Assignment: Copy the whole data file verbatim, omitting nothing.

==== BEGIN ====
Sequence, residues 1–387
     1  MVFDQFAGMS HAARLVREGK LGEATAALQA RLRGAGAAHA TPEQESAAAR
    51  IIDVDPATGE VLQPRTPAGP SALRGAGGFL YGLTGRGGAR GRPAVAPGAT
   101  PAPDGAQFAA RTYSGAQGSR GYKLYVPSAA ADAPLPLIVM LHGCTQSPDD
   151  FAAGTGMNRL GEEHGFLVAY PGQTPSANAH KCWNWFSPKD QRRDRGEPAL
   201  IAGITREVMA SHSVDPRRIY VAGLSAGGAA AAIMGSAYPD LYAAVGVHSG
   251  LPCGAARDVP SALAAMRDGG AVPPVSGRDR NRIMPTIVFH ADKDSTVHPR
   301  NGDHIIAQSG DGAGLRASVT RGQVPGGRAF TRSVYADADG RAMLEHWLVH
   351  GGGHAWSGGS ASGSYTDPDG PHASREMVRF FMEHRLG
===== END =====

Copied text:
Sequence, residues 1–387
     1  MVFDQFAGMS HAARLVREGK LGEATAALQA RLRGAGAAHA TPEQESAAAR
    51  IIDVDPATGE VLQPRTPAGP SALRGAGGFL YGLTGRGGAR GRPAVAPGAT
   101  PAPDGAQFAA RTYSGAQGSR GYKLYVPSAA ADAPLPLIVM LHGCTQSPDD
   151  FAAGTGMNRL GEEHGFLVAY PGQTPSANAH KCWNWFSPKD QRRDRGEPAL
   201  IAGITREVMA SHSVDPRRIY VAGLSAGGAA AAIMGSAYPD LYAAVGVHSG
   251  LPCGAARDVP SALAAMRDGG AVPPVSGRDR NRIMPTIVFH ADKDSTVHPR
   301  NGDHIIAQSG DGAGLRASVT RGQVPGGRAF TRSVYADADG RAMLEHWLVH
   351  GGGHAWSGGS ASGSYTDPDG PHASREMVRF FMEHRLG